What Is a Care Team?
- Cancer treatment is multifaceted and requires a team approach.
- Teams should streamline, not complicate, your care.
- Your team includes specialists and other clinicians who work together to help you get better.
Teams Tackle Cancer from All SidesRead More
The team isn't there to complicate your care, but rather to simplify it. Members of a cancer care team strive to stay on the same page and communicate a clear and uniform message to their patients.
"Teams communicate on an almost-daily basis. When I receive a [lab] report on a patient, I'm reaching out to the radiologist, the medical oncologist, right away. We have calls where all members of that patient's team are on the call discussing appropriate care for each patient," Berger says.
Your Care Team Works Together Like the Hub & Spokes of a Wheel
Core providers form the hub and can include:
- The surgeon
- The oncologist
- The radiologist
The spokes may be made up of various providers depending on what you need. Your team could include:
- A genetic counselor
- A nutritionist
- An emotional support
- A reproductive medicine specialist
- A physical therapist
The list goes on based on your individual circumstance. You'll also have oncology nurses and a pharmacist on your team.
You won't hand pick each member of your team. Most likely, the doctor that you start your cancer care with, whether that's a surgeon or a medical oncologist, will refer you to the other doctors you need. Of course, if one of those doctors isn't a great fit, you can try another.
"It's important for the provider to be someone you're comfortable working with, but you also want all the teammates to be people who 'play well together,' so as for whether one provider chooses the members of the team or whether you do it's a little bit of both," Berger says.
Working With Your Team
The team approach is intended to coordinate and streamline your care. But, it may still feel like a lot of moving parts with so many providers are involved in your care.
"I recommend that patients designate one of their doctors, whether that's the medical oncologist, the surgeon, or whomever, as their point person the one they go to for questions and discussions. The point guard of that team," Berger says.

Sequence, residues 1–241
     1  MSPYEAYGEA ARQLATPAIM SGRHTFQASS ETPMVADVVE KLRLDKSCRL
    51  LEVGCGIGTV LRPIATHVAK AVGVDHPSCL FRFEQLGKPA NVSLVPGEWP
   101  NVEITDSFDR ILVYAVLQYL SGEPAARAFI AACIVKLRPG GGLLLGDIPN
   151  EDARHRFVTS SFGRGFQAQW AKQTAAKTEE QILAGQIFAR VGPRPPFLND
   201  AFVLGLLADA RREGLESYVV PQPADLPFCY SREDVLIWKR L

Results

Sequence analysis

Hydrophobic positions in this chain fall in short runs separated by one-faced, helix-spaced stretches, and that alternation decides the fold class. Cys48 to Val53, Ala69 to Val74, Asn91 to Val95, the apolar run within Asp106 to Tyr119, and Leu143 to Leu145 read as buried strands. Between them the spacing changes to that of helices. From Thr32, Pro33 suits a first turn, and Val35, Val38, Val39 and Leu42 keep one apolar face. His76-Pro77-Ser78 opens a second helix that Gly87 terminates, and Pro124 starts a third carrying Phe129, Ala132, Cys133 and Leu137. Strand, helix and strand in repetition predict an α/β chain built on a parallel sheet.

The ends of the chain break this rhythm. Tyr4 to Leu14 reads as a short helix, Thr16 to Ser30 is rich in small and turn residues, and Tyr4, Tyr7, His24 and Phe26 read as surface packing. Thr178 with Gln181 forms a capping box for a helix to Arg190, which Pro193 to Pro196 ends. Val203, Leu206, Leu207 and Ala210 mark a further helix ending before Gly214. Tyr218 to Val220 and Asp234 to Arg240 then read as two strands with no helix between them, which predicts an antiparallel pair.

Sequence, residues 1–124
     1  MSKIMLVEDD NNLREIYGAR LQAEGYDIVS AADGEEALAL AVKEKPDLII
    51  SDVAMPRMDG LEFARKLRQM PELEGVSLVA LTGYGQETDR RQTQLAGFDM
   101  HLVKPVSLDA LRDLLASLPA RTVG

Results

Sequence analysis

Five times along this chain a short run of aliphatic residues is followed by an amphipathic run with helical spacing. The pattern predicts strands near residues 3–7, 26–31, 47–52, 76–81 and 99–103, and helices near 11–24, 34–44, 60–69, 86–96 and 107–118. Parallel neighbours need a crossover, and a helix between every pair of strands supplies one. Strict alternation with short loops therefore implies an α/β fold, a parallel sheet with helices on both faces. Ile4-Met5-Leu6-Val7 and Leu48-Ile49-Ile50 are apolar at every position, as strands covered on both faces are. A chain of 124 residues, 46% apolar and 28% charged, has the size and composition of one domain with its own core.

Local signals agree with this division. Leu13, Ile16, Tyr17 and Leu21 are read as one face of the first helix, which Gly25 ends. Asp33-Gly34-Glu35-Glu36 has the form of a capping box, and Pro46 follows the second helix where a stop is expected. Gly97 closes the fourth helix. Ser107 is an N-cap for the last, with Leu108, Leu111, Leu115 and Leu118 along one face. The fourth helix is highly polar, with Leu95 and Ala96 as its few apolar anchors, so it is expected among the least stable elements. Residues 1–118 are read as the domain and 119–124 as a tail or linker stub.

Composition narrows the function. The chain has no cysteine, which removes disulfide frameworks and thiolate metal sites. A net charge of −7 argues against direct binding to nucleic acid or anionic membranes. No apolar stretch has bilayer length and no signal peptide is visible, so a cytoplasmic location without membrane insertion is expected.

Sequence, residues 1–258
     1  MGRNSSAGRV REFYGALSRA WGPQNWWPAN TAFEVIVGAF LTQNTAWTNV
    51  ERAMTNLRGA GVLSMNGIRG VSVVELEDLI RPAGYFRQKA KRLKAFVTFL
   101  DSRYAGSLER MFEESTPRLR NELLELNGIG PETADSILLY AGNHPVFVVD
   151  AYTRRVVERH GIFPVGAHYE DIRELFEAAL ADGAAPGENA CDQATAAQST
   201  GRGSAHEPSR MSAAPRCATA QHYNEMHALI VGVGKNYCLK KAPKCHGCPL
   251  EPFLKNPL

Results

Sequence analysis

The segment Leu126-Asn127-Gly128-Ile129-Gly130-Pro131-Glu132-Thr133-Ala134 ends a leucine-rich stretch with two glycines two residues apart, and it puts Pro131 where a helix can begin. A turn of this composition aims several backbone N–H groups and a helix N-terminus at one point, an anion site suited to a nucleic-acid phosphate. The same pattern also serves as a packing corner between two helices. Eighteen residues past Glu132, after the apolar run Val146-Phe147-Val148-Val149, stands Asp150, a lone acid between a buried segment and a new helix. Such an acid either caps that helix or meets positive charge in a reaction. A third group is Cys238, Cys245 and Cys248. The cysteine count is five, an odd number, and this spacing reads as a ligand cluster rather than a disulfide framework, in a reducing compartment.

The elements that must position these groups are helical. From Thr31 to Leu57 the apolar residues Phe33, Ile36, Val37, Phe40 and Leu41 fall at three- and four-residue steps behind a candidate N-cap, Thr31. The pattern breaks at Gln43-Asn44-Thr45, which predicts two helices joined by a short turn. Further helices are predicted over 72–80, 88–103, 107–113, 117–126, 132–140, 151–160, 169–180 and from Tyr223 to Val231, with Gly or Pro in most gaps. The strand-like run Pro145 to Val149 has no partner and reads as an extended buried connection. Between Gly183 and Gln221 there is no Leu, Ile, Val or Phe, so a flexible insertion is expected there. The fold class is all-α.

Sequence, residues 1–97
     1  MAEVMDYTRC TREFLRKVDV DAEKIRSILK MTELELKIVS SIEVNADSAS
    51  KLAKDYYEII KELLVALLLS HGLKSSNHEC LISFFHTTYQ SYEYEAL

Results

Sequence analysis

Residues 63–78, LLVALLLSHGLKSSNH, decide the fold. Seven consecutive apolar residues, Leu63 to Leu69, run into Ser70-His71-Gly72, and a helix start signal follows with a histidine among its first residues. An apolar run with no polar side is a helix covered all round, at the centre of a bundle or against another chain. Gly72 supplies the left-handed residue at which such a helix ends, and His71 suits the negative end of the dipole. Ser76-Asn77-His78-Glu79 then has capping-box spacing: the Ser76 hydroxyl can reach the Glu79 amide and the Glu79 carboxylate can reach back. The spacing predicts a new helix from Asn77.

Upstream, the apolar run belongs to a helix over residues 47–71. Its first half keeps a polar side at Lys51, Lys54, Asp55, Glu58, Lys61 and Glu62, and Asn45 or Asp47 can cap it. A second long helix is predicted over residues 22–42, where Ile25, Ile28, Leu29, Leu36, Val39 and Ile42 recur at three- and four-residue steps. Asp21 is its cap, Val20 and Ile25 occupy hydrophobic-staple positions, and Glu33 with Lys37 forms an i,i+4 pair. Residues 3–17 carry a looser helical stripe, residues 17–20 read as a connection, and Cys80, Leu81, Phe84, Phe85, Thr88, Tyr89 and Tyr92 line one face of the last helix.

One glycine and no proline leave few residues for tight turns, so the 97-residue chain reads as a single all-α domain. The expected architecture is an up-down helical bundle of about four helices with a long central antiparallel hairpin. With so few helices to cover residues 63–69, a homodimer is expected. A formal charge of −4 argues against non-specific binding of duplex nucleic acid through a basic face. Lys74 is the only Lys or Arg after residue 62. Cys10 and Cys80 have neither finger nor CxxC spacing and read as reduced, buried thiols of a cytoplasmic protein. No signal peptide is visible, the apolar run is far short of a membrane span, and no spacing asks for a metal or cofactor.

Your point person can address questions about lab results and your care. Sometimes, they will be able to answer your questions completely. Other times, the doctor may direct you to the appropriate member of the team for that question or reach out to that member him or herself.
At many cancer centers, the care team also includes a patient navigator. This person can help with logistics. "A patient navigator is someone to whom the patient can go and say, 'I am so confused and I don't know where I'm supposed to go or what I'm supposed to do,' when there are just too many moving parts," Berger says.
As you get ready to start treatment, the American Society of Clinical Oncology recommends you ask specific questions, perhaps to a patient navigator or a provider, about your care team.
Questions to Ask About Your Care Team
- Are my cancer care team members all at the same hospital/center or at different locations?
- Which doctor will lead my overall cancer treatment?
- Is there one person I should contact with any questions I have? How can I get in touch with the different professionals on my team?
- If I experience a new side effect or a change in how I’m feeling, who should I tell?
- Are there specific symptoms and side effects I should alert my team about right away?
- What is the best way to get in touch with my cancer care team in an emergency?
- Who can help me cope with the stress and emotions of cancer?
"Teams break down silos," Berger says, "so it's not just a bunch of doctors who all have access to the medical record. It's a fluid, constant conversation among the team members to provide the best and most tailored care for each patient."